A Web page labeled “Ana Boot Camp” recently offered its members a seemingly irresistible proposition: a 30-day regimen designed to help them drop some serious pounds, no exercise needed. The catch was that the group’s members were to vary their daily caloric intake from 500 (less than half the daily minimum requirement for women recommended by the American College of Sports Medicine) to zero. They were supposed to track their progress, fast to make up for the days they accidentally “overate” and support each other as they worked toward their common goal of radical weight loss.
Pro Anorexia or “Pro-Ana” Sites
Pro-anorexia, or sometimes called “pro-ana,” Web sites have been a common fixture in the internet world. The site quoted above was actually a page created in Facebook. These sites have users sharing dangerous diet tips and posting pictures of very skinny girls. The purpose of these sites is to give one another “thinspiration”. Users tend to comment and posting anonymously or with a secret aliases.
“These sites provided a setting where I could talk about the illness without people trying to fix me or tell me that what I’m doing is horrible, disgusting, maladaptive… For me, part of the illness was just about getting attention. You feel so lonely and you want someone to notice you, and I guess that’s kind of the way to do it, even with other sick people.” – Rose 17, Maryland High School Senior
Pro Anorexia Social Network
Sites such as Facebook allows a secondary dynamic by allowing close networking. The girls who visit these pages can now trade information with one another and even exchange phone numbers to talk over their issues. Dr. Steven Crawford, associate director of the Center for Eating Disorders at Sheppard Pratt in Baltimore, mentioned that when such pro anorexia sites are centered in a social networking site such as Facebook, it becomes appealing because it allows them to make a stand and simply declare their disorder. Having a community with the same issues gives one courage rather than having to deal with hiding and keeping it to themselves.
The creators of these groups claim they were created so anorexic girls can support one another. Some of these sites are legit by focusing on recovering from anorexia. However the problem is that the more girls get exposed to these pro anorexia sites, the more they are likely to gain a eating disorder according to Stanford professor Rebecka Peebles, M.D.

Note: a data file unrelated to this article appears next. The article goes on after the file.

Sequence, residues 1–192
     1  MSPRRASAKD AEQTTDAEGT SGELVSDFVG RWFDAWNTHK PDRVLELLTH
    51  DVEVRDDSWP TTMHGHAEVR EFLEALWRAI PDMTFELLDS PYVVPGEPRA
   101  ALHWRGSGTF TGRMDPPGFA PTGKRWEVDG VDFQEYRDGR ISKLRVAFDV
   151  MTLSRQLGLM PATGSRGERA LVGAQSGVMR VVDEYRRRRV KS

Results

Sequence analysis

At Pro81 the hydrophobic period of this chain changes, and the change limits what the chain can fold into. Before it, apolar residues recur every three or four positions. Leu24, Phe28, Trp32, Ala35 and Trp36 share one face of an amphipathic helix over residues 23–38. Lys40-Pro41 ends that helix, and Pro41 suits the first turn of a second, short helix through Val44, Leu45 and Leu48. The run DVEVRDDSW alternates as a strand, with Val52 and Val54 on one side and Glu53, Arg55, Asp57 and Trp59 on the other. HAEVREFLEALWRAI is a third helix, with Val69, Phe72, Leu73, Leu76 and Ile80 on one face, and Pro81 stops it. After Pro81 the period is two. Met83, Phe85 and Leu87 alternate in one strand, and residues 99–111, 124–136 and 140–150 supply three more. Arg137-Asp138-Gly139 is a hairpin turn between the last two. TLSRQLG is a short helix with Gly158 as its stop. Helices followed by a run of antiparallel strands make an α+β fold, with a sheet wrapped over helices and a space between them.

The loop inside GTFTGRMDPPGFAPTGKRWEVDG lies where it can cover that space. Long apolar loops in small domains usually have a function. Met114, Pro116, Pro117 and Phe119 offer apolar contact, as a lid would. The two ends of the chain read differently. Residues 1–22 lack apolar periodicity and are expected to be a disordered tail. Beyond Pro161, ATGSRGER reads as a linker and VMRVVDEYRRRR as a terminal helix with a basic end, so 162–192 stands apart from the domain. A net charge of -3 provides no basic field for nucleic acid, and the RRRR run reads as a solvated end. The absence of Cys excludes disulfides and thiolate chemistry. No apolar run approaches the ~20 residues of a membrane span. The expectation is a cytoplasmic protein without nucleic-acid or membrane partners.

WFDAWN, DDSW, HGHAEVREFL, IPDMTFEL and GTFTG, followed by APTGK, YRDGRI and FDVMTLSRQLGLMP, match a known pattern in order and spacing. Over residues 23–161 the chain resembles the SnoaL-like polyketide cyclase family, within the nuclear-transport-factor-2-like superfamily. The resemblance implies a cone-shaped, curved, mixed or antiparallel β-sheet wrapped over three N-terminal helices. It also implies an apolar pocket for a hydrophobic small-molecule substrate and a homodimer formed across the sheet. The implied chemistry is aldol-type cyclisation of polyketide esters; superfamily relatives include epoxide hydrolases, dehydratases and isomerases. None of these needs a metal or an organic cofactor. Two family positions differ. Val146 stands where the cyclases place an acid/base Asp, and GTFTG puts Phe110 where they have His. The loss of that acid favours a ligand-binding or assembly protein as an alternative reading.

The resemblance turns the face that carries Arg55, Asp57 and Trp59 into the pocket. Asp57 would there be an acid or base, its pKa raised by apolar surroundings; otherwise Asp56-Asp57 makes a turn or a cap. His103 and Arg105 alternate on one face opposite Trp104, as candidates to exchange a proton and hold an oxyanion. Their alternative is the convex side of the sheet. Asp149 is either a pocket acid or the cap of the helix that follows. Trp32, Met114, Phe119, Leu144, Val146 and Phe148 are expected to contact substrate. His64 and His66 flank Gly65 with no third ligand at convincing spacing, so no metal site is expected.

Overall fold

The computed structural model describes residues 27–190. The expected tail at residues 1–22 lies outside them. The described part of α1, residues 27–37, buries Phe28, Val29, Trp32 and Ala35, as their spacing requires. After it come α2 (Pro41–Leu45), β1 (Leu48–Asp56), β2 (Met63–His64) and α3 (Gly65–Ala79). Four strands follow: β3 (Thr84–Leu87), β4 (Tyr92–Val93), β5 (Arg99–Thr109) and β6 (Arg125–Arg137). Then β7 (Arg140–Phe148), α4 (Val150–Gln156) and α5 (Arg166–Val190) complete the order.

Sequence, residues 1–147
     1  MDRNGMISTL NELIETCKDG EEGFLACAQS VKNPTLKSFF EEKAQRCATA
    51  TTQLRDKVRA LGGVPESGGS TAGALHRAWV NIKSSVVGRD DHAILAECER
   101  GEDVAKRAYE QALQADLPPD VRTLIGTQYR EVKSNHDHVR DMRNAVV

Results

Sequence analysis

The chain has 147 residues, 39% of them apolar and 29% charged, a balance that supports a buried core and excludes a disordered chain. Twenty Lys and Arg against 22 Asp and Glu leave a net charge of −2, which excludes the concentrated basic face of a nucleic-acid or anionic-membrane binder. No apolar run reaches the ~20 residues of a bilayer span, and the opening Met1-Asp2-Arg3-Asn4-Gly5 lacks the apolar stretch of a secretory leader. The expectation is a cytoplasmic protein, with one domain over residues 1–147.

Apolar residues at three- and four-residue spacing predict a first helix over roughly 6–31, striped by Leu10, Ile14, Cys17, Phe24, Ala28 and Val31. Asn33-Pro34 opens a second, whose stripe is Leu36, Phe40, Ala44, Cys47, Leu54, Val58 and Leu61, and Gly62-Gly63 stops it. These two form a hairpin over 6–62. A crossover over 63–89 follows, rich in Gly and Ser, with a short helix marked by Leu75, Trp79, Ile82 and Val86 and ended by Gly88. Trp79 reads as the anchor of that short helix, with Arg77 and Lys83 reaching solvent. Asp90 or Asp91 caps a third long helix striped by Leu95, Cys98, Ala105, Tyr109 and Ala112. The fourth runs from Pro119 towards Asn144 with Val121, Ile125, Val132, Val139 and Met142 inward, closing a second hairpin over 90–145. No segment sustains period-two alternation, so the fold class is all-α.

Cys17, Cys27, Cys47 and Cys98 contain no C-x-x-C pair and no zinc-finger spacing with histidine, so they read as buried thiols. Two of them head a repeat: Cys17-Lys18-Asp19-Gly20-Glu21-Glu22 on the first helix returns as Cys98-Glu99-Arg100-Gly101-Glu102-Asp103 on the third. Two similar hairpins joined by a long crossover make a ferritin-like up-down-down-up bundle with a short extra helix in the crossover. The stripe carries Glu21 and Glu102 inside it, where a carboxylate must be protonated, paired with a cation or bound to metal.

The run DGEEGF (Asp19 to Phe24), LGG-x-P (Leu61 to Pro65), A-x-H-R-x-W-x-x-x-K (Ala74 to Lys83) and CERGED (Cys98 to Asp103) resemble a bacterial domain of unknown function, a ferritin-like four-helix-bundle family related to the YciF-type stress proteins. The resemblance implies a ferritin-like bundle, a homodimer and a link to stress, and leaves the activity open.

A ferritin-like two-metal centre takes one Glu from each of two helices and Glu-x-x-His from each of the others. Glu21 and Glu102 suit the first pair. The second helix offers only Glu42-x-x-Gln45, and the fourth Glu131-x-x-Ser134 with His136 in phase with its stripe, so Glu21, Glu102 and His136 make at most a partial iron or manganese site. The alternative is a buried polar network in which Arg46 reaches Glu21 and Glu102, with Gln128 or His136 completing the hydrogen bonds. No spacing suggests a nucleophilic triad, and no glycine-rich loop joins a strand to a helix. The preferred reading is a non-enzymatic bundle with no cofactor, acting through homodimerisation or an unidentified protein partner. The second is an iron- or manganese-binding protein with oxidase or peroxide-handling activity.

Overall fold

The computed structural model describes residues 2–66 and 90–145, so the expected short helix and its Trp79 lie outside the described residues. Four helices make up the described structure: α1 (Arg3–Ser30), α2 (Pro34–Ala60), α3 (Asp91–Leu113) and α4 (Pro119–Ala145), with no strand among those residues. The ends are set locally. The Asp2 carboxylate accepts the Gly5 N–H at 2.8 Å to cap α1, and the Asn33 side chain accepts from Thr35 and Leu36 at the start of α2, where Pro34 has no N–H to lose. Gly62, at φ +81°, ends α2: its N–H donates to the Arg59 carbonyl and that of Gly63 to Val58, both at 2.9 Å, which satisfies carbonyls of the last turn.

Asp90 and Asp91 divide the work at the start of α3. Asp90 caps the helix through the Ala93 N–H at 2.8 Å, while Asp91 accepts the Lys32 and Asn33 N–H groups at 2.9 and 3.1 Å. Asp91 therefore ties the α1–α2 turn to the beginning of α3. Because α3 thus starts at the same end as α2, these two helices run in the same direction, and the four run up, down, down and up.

She also found in a study in 2006, that 96% of teens diagnosed with eating disorders who have visited pro anorexic sites ended up discovering new dieting or purging techniques.
One girl named Stef, 19, had joined several pro anorexia sites drawing the worries of her friends. However she said that it is “helping me deal with my eating disorder”. She enjoys the thinspiration, the weight loss tips and finding fasting partners.
Anti Pro Anorexia Stronger
The anorexia opposition is even stronger. Anti-anorexia groups far outnumber the pro-ana groups on Facebook. Some of the purposes of these groups is to find pro-ana sites and ask Facebook to take them down. In Facebook, groups cannot promote self-harm or harm to others. They also serve as a way to warn people about the pro anorexia sites and educate it’s members about other alternatives.
Angela Ross, 19, recovered from her disorder and ended up creating a anti pro-ana page. She has 1,400 members. She was fueled to take action because she had run into a pro-ana site during a day when she was feeling down about her weight. The site ended up leading her to having eating disorders.
Some do see these sites as a positive sign that teenagers are getting more serious about being open about their disorders. Marcia Herrin, a Dartmouth professor who has written several books on eating disorder, says “To me, that illustrates or indicates that teens these days are so wise… They’ve seen so much, they know so much, compared to when I was a teenager in the ’60s, that not all of them are wrapped up in eating disorders. Girls are concerned about other girls in their social group who they see toying with an eating disorder. They may talk to them directly, they may talk to a school counselor, they may talk to the girls’ parents.”
More on Rose who was quoted earlier in the article.
Rose actually hoped some of her friends would see the groups she was joining and talk to her about them. “I wanted one of my close friends to see it and rescue me,” she says. But unfortunately, no one did. At one point, she was so involved in the Facebook pro-ana community that she started her own group in defense of it; eventually she deleted that group and stopped posting in others. She couldn’t get over her guilt at “helping someone kill themselves” by supporting them in their fasting, and she realized that the groups weren’t truly helping her. “Even though the pro-ana sites provided a way for me to communicate with people, it wasn’t real-life connections and it wasn’t real friendships,” she says. “It was us telling people, ‘Oh, stay strong.’ I was not getting better. I was venting the frustrations. I just wanted to talk to people with similar experiences; they really didn’t help at all.”
Rose has now recovered from anorexia and rarely visits pro-ana Facebook groups. She says taht she is relived to no longer be part of that world.
- What is your reaction to pro-anorexia sites?
- Did you know such sites existed? on Facebook?
- Have you seen any of these sites? How did it affect you?
Share your thoughts!